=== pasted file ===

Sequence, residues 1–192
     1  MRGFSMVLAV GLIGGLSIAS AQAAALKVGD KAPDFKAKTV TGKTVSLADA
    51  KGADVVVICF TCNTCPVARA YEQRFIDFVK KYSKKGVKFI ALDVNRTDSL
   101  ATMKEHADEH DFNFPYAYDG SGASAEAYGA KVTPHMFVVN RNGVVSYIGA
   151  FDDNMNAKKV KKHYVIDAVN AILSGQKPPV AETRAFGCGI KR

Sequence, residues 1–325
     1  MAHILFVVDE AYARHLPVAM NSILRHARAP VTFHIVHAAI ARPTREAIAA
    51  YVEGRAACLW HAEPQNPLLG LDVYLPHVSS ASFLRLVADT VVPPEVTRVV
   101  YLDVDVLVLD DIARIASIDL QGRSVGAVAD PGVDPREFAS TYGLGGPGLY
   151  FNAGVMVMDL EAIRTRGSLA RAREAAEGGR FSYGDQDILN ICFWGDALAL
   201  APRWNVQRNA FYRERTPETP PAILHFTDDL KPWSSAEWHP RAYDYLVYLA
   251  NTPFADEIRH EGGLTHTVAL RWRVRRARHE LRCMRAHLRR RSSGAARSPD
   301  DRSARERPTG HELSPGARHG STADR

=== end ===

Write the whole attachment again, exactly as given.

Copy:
Sequence, residues 1–192
     1  MRGFSMVLAV GLIGGLSIAS AQAAALKVGD KAPDFKAKTV TGKTVSLADA
    51  KGADVVVICF TCNTCPVARA YEQRFIDFVK KYSKKGVKFI ALDVNRTDSL
   101  ATMKEHADEH DFNFPYAYDG SGASAEAYGA KVTPHMFVVN RNGVVSYIGA
   151  FDDNMNAKKV KKHYVIDAVN AILSGQKPPV AETRAFGCGI KR

Sequence, residues 1–325
     1  MAHILFVVDE AYARHLPVAM NSILRHARAP VTFHIVHAAI ARPTREAIAA
    51  YVEGRAACLW HAEPQNPLLG LDVYLPHVSS ASFLRLVADT VVPPEVTRVV
   101  YLDVDVLVLD DIARIASIDL QGRSVGAVAD PGVDPREFAS TYGLGGPGLY
   151  FNAGVMVMDL EAIRTRGSLA RAREAAEGGR FSYGDQDILN ICFWGDALAL
   201  APRWNVQRNA FYRERTPETP PAILHFTDDL KPWSSAEWHP RAYDYLVYLA
   251  NTPFADEIRH EGGLTHTVAL RWRVRRARHE LRCMRAHLRR RSSGAARSPD
   301  DRSARERPTG HELSPGARHG STADR